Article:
A BSTRACT We consider the problem of learning high-level controls over the global structure of sequence generation, particularly in the context of symbolic music generation with complex language models. In this work, we present the Transformer au-toencoder, which aggregates encodings of the input data across time to obtain a global representation of style from a given performance. We show it is possible to combine this global embedding with other temporally distributed embeddings, enabling improved control over the separate aspects of performance style and and melody. Empirically, we demonstrate the effectiveness of our method on a variety of music generation tasks on the MAESTRO dataset and a Y ouTube dataset with 10,000 hours of piano performances, where we achieve improvements in terms of log-likelihood and mean listening scores as compared to relevant baselines. As the number of generative applications increase, it becomes increasingly important to consider how users can interact with such systems, particularly when the generative model functions as a tool in their creative process (Engel et al., 2017a; Gillick et al., 2019) To this end, we consider how one can learn high-level controls over the global structure of a generated sample. We focus on symbolic music generation, where Music Transformer (Huang et al., 2019b) is the current state-of-the-art in generating high-quality samples that span over a minute in length. The challenge in controllable sequence generation is that Transformers (V aswani et al., 2017) and their variants excel as language models or in sequence-to-sequence tasks such as translation, but it is less clear as to how they can: (1) learn and (2) incorporate global conditioning information at inference time.
ABSTRACT The recent success of raw audio waveform synthesis models like WaveNet motivates a new approach for music synthesis, in which the entire process -- creating audio samples from a score and instrument information -- is modeled using generative neural networks. This paper describes a neural music synthesis model with flexible timbre controls, which consists of a recurrent neural network conditioned on a learned instrument embedding followed by a WaveNet vocoder. The learned embedding space successfully captures the diverse variations in timbres within a large dataset and enables timbre control and morphing by interpolating between instruments in the embedding space. The synthesis quality is evaluated both numerically and perceptually, and an interactive web demo is presented. Index Terms-- Music Synthesis, Timbre Embedding, WaveNet 1. INTRODUCTION Musical synthesis, most commonly, is the process of generating musical audio with given control parameters such as instrument type and note sequences over time.
We consider the problem of transcribing polyphonic piano music with an emphasis on generalizing to unseen instruments. We use deep neural networks and propose a novel approach that predicts onsets and frames using both CNNs and LSTMs. This model predicts pitch onset events and then uses those predictions to condition framewise pitch predictions. During inference, we restrict the predictions from the framewise detector by not allowing a new note to start unless the onset detector also agrees that an onset for that pitch is present in the frame. We focus on improving onsets and offsets together instead of either in isolation as we believe it correlates better with human musical perception. This technique results in over a 100% relative improvement in note with offset score on the MAPS dataset.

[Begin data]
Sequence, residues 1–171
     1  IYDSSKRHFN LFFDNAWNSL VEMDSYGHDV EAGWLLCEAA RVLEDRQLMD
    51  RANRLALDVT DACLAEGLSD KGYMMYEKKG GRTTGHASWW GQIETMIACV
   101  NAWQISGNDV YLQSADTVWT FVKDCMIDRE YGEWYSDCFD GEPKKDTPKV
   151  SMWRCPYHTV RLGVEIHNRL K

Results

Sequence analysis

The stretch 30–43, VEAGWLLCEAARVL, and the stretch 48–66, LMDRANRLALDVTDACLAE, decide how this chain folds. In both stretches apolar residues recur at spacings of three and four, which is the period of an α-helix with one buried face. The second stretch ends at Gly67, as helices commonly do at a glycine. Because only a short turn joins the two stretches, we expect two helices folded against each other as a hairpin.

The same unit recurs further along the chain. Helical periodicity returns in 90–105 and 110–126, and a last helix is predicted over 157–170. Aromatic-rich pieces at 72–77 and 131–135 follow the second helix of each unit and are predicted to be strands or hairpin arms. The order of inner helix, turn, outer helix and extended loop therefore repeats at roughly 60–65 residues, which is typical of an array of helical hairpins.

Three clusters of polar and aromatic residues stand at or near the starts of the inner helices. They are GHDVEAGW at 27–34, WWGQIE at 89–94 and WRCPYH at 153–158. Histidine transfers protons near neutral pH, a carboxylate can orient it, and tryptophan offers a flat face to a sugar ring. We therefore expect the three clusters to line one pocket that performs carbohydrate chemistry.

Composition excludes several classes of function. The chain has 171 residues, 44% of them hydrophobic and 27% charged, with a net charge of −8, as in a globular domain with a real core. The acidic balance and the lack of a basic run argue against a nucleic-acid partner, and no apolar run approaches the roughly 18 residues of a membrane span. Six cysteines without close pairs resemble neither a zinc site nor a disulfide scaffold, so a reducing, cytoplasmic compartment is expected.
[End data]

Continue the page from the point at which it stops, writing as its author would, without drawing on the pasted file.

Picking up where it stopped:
I started playing piano when I was five years old. I used to practice for about an hour every day and let me tell you, an hour felt like forever. I didn't stop thought, and I kept on practicing though, because I really liked music. Fast forward a few years and I started doing some really advanced stuff. My hands were literally flying all over the keyboard and I could play with my eyes closed.
We study the ability of Wasserstein Generative Adversarial Network (WGAN) to generate missing audio content which is, in context, (statistically similar) to the sound and the neighboring borders. We deal with the challenge of audio inpainting long range gaps (500 ms) using WGAN models. We improved the quality of the inpainting part using a new proposed WGAN architecture that uses a short-range and a long-range neighboring borders compared to the classical WGAN model. The performance was compared with two different audio instruments (piano and guitar) and on virtuoso pianists together with a string orchestra. The objective difference grading (ODG) was used to evaluate the performance of both architectures. The proposed model outperforms the classical WGAN model and improves the reconstruction of high-frequency content. Further, we got better results for instruments where the frequency spectrum is mainly in the lower range where small noises are less annoying for human ear and the inpainting part is more perceptible. Finally, we could show that better test results for audio dataset were reached where a particular instrument is accompanist by other instruments if we train the network only on this particular instrument neglecting the other instruments.